Post Number: 2
|Posted on Saturday, April 30, 2005 - 04:28 pm: ||
Brewing 14 gal of barley wine with TG of 1.134. Instead of getting 2-row for base i got munich(2-row). any problems? here is the malt bill:
Munich malt 50 lb
2-row 6 lb (need to use it up)
Aromatic 3 lb
crystal 60 3 lb
special B 2 lb
choc malt 1 lb
rauch .75 lb
going to do a second runnig shooting for a tg approx 1.060. does the munich have enough diastatic power to convert? any help!!!!!
Post Number: 2987
|Posted on Saturday, April 30, 2005 - 04:56 pm: ||
You're going to have a problem getting this beer to attenuate. The munich should convert (for that matter, aromatic malt has a small amount of diastatic power), but your beer is going to finish very sweet. This may call for drastic measures such as champagne yeast (I hesitate to recommend it) or even a teaspoon of amylase enzyme powder or (dare I say this!) Beano. Or consider substituting 3-4 lbs. of sugar for an equal amount of the munich.
My own recommendation for a barley wine is 97-98 percent pale malt and 2-3 percent medium crystal. Period.
Post Number: 4579
|Posted on Saturday, April 30, 2005 - 05:39 pm: ||
I use a lot of Munich in my BW, but I've never considered making it the base. I'm not as sure as Bill that you'll have major attenuation problems, but you need to be sure to keep that in mind. I mash all Munich alts at a lower temp to be sure, and you may want to consider that. Bill's idea of adding sugar is a pretty good, too. What kind of Munich is it and waht yeast are you planning on using?
LIfe begins at 60...1.060, that is.
Post Number: 3153
|Posted on Saturday, April 30, 2005 - 09:10 pm: ||
I would tend to agree with Bill on this. If I were to brew a 1.134 OG barleywine, the most amount of Munich I would use would be about 40% (that's what I use in my 1.100 triple bock), and I definitely wouldn't use any crystal in it.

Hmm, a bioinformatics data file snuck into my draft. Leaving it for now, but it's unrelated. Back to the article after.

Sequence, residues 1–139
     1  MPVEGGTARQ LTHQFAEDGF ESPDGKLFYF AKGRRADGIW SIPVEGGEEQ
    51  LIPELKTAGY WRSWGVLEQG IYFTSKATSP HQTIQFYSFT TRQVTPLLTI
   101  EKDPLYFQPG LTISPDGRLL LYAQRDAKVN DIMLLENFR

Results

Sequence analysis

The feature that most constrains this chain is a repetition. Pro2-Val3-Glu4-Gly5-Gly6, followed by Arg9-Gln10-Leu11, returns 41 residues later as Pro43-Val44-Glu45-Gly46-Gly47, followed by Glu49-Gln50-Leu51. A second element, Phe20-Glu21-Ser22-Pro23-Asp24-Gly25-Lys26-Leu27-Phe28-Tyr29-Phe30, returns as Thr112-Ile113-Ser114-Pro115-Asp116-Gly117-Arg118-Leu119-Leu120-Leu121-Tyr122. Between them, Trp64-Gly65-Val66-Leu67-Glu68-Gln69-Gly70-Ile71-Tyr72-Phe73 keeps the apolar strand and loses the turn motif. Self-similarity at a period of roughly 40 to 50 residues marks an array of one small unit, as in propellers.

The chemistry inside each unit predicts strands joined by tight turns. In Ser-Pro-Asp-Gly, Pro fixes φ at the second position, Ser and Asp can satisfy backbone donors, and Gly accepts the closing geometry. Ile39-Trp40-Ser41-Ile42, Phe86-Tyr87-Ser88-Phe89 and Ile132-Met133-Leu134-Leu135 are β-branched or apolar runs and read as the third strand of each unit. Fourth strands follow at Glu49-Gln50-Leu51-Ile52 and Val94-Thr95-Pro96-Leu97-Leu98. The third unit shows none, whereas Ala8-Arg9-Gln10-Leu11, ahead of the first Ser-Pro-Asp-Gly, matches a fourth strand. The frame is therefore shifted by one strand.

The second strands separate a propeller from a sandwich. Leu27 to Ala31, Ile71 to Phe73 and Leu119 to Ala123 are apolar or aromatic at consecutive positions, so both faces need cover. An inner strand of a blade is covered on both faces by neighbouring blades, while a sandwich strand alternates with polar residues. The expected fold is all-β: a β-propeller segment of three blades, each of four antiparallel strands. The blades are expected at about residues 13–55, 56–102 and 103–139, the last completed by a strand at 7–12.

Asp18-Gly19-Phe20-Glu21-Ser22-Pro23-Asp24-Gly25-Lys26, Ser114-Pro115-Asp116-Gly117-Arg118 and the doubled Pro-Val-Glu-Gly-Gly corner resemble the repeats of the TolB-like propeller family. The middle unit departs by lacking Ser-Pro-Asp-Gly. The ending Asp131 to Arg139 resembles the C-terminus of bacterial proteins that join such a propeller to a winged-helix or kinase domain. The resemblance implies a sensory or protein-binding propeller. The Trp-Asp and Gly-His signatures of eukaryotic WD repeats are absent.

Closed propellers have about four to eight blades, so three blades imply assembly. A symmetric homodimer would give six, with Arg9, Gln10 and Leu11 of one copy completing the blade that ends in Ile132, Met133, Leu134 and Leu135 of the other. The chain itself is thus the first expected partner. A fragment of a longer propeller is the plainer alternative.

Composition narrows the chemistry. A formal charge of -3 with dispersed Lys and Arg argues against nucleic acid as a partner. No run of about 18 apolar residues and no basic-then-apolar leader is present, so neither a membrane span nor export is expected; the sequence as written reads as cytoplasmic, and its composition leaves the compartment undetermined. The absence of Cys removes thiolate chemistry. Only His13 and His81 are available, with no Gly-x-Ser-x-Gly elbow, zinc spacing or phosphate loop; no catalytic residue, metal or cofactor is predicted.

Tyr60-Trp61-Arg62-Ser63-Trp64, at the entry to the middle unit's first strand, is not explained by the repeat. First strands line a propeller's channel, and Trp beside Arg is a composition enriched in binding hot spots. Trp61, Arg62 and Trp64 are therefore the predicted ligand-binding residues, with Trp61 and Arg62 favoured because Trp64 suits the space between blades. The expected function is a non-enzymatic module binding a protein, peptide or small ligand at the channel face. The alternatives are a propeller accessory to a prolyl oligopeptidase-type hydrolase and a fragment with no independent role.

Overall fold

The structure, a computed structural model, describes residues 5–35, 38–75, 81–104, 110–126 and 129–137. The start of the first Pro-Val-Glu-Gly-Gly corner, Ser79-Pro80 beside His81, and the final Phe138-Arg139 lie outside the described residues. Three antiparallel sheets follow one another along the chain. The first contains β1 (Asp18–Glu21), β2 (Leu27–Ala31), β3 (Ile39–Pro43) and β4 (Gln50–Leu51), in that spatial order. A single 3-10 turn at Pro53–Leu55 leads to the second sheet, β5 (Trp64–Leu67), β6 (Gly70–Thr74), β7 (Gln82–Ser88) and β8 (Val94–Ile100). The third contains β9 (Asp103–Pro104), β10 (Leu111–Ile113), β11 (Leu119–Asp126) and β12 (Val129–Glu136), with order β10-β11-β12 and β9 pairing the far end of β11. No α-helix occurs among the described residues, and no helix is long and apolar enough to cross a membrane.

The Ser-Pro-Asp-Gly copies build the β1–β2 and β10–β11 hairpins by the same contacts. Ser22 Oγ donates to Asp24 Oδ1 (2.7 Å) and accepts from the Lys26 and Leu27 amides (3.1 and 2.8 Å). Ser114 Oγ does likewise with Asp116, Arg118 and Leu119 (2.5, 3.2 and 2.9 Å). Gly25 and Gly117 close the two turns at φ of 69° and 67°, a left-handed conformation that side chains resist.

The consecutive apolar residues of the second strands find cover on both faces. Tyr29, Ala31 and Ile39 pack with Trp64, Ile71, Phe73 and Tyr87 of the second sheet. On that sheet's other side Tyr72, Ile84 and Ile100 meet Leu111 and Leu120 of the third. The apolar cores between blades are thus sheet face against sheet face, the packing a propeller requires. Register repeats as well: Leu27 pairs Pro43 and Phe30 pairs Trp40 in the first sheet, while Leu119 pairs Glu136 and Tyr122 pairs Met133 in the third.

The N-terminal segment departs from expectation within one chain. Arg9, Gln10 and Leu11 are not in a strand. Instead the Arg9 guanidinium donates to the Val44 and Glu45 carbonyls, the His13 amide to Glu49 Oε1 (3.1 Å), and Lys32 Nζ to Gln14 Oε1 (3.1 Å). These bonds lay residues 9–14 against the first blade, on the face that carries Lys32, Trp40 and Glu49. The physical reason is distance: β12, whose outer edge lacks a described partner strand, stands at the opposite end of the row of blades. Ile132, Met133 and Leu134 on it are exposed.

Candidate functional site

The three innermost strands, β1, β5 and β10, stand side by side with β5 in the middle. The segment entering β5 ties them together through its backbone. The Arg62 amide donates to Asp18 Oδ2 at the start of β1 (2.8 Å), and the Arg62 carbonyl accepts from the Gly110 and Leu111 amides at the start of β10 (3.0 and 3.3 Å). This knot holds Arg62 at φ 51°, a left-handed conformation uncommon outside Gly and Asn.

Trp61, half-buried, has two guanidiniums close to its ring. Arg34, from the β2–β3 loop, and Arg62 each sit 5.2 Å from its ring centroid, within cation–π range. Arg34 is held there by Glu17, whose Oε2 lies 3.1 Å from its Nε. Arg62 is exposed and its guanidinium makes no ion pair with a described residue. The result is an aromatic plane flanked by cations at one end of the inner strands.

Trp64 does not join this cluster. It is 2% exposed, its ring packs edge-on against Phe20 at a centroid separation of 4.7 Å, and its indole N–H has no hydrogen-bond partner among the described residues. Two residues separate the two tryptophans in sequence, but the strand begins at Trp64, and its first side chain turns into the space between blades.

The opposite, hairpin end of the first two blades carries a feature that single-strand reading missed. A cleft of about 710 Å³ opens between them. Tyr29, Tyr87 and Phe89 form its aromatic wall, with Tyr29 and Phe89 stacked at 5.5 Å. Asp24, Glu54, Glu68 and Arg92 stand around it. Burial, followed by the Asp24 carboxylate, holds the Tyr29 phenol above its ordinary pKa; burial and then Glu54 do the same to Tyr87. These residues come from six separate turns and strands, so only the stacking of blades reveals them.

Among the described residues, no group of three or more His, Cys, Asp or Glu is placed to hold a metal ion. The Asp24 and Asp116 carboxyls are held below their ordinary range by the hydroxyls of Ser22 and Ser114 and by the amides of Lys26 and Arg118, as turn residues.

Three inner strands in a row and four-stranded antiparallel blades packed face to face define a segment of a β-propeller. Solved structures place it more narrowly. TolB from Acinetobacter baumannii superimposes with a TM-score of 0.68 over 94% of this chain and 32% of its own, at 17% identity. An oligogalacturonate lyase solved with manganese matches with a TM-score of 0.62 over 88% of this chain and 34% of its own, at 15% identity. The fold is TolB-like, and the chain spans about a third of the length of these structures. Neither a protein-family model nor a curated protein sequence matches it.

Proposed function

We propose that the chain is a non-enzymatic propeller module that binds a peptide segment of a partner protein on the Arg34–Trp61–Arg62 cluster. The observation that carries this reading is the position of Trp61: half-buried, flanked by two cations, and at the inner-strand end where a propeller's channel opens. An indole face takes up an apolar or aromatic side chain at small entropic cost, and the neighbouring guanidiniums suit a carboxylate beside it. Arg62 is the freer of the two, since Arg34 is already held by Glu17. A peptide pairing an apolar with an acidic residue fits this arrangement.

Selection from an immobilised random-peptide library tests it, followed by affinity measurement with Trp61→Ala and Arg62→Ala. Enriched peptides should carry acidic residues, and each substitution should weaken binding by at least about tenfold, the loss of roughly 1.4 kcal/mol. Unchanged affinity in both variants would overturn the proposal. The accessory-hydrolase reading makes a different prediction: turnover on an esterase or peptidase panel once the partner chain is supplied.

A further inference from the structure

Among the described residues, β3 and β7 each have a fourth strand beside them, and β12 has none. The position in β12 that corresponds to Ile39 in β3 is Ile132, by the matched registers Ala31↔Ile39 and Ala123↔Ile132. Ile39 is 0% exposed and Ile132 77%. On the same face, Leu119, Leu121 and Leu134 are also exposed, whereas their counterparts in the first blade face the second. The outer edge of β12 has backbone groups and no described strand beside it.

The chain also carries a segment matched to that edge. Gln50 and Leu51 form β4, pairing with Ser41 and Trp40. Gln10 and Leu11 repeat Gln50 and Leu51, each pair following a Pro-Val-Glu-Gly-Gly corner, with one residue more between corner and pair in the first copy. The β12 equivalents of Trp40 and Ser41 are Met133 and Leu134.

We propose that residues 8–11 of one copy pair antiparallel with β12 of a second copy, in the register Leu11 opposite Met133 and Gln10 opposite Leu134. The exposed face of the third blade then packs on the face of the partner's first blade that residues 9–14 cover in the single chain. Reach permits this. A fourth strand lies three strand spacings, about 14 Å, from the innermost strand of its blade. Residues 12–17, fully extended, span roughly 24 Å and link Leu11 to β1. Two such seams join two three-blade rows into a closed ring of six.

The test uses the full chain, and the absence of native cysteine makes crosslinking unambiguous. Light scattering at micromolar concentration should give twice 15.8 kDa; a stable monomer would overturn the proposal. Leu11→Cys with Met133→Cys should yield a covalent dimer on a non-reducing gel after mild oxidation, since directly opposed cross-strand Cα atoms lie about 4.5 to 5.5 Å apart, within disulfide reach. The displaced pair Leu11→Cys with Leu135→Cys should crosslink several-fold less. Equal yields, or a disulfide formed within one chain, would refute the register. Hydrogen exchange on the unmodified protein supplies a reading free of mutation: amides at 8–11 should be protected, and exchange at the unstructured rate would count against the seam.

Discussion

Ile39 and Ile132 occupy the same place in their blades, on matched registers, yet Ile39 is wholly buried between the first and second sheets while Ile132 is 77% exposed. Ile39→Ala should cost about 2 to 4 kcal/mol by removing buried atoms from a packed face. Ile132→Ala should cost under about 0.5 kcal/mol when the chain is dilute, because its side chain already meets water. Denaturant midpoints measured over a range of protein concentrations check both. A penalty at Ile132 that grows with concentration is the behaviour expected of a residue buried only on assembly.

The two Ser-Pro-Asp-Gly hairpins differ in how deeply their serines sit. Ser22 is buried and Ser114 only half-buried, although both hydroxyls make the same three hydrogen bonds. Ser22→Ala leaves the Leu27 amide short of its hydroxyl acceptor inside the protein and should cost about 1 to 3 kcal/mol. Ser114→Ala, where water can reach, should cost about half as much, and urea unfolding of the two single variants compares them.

Another suggestion would be to add a big percentage of wheat malt (like 30%) in replacement of the same amount of Munich.
Post Number: 1464
|Posted on Sunday, May 01, 2005 - 03:48 am: ||
yes, it can convert, but you may not like the finished result (tastewise). also, you won't get your normal efficiency (so it may not hit 1.134), and I think adding sugar would be key.
Follow the steps for getting normal ale yeast to attenuate in high alcohol brews from an earlier thread.
curious what yer mash tun is that can hold 65+ pounds of grain... I'd go with an american brown with the 2nd runnings...
Post Number: 41
|Posted on Sunday, May 01, 2005 - 01:06 pm: ||
I would hop the hell out of that one with all that munich. Over time, she's gonna be sweet.
Post Number: 607
|Posted on Sunday, May 01, 2005 - 02:00 pm: ||
I vote against the sugar. I prefer big beers to have big body and I'm not looking for more alcohol, just more taste. But you might want to get a bag of pale ale malt and save the Munich for another day. Tom
Post Number: 729
|Posted on Sunday, May 01, 2005 - 07:50 pm: ||
In Bill's "Big Beers" article in BYO a while back, he told of adding sugar or honey to big beers after several days fermentation, so as not to stress the yeast by pitching into ultra high gravity wort (1.120+). If you're going to add 3-4# of sugar, maybe this would be a good way to do it. Make a wort of about 1.115 gravity and pitch the yeast , then add your 4# of sugar a week into fermentation, 1# per day.
Actually, after calculating it, a lb of sugar in 14 gal adds only 3.285 gravity points. That would be 13+ pts for 4#. You could add a couple more lbs of sugar and still have decent body. With all that Munich, etc, it would still have plenty of maltiness, IMHO.
This beer is going to be near 13% abv. Make sure you choose a yeast that can handle it.
(Message edited by DaveW on May 01, 2005)